The winter light has faded in her kitchen, and Diana Beresford-Kroeger stands up to warm her large gardener hands over the roaring Findlay stove.
Of all the treasures a person can possess, she says, the most valuable is saoirse (pronounced ser-sha), the Gaelic word for freedom.
And she begins with a story.
Two years ago, Wake Forest University in North Carolina asked her to give a talk to their students about God and wisdom, a subject rarely broached in academia, let alone addressed by a scientist.
(Beresford-Kroeger peppers every conversation about forests with words like divine, miracle and sacred with no apologies.)
After that talk she was told that a drug company wanted to take her out for dinner. She accepted and the company delivered her to a fancy restaurant.
A charming crowd awaited her. “You could see two sets of very white teeth in everyone sitting around the table,” recalls the expert in medicinal plants.
She boldly ordered her favorite German wine, Beerenauslese, and had “a fantastic meal.”
With so much charm being poured like milk and honey on the table, she didn’t need a dessert.
Then came the corporate proposition.
Representatives of the drug company said they were going to the Congo River region of Africa to photograph rare plants. They wondered if Beresford-Kroeger could identify the drug-bearing ones.
“I said yes. I would know which species, genus and families that would be important medicine-bearing plants.”
The druggists then explained that time was of the essence, because a tropical forest two times the area of Ireland had been burned and slashed in the Congo.
They were worried they wouldn’t be able to get any patents out of these tropical woods unless they acted quickly.
Beresford-Kroeger listened intently and then spoke.
“You do realize the Congolese have nothing,” she said. “The only treasure they have are their medicines which they can get by stretching out their hands to a tree or vine.”
“You realize the Congolese don’t have any hospitals or schools and are in a terrible state and the whole country is being vandalized.”
Then she agreed to identify the plants provided that 96 per cent of the profits from the patents went back to the Congolese people.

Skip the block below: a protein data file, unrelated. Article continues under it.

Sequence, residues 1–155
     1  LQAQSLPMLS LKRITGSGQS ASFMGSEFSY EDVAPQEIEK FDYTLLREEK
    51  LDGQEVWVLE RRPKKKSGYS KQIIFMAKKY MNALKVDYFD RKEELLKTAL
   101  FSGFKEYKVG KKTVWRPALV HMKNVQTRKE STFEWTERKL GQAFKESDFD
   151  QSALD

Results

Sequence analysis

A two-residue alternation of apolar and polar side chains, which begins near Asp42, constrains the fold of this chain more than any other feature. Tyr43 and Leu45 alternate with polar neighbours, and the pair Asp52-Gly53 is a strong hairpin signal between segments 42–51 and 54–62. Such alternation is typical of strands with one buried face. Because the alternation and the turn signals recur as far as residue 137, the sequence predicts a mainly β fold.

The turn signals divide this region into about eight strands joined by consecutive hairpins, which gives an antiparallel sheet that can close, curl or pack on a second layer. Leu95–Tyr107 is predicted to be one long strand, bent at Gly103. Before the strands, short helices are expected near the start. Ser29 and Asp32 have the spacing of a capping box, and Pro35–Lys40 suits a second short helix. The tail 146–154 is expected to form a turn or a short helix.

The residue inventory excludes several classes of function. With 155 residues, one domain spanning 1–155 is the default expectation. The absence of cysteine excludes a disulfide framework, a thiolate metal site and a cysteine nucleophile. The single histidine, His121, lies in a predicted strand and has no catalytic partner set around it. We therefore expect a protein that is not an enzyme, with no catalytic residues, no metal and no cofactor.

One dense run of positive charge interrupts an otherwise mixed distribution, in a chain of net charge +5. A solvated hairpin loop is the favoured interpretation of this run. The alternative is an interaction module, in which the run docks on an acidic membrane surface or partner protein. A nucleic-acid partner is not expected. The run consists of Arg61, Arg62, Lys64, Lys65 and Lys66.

“Anyway, that shut down the conversation,” she says bemusedly. “I never heard from them again.”
But that was Beresford-Kroeger practicing saoirse to defend the saoirse of the Congolese.
“The Congolese have had commonage. They had the ability to go to their own commons and take what food and medicine they wanted from their own forests. I believe in terms of saoirse that’s their inheritance. They have a birthright ownership to that property and the trove of medicines in their forest. It is a moral right by the way of their birthright. It can’t be protected by law and can only be protected by morality, and I’m not going to be the person who rapes them.”
Saoirse, an ancient concept, comes from the original Brehon laws of the Celtic world before the time of Christ.
In those days the idea of freedom could not be separated from the community or nature, because it was embedded in the medicine, language and culture of the Celts whose ancient ways influenced people all the way to Russia and Central Asia.
As a consequence, saoirse means many things. It means freedom to think and freedom to learn. It’s the freedom of imagination and the freedom of the spirit. It also means freedom to set up societies, says Beresford-Kroeger.
“And the wrapping of that freedom was set around trees, and these were the laws for the trees. Each tree had a series of philosophies around it in the oral culture — a taboo system for protecting nature.”
(Europe’s very first alphabet arose in Celtic Ireland and is comprised of 19 characters and most are named after trees — all of which were considered Bile or sacred because of their medicinal properties. The alphabet begins with a symbol for a shoreline pine and ends with a blackthorn tree.)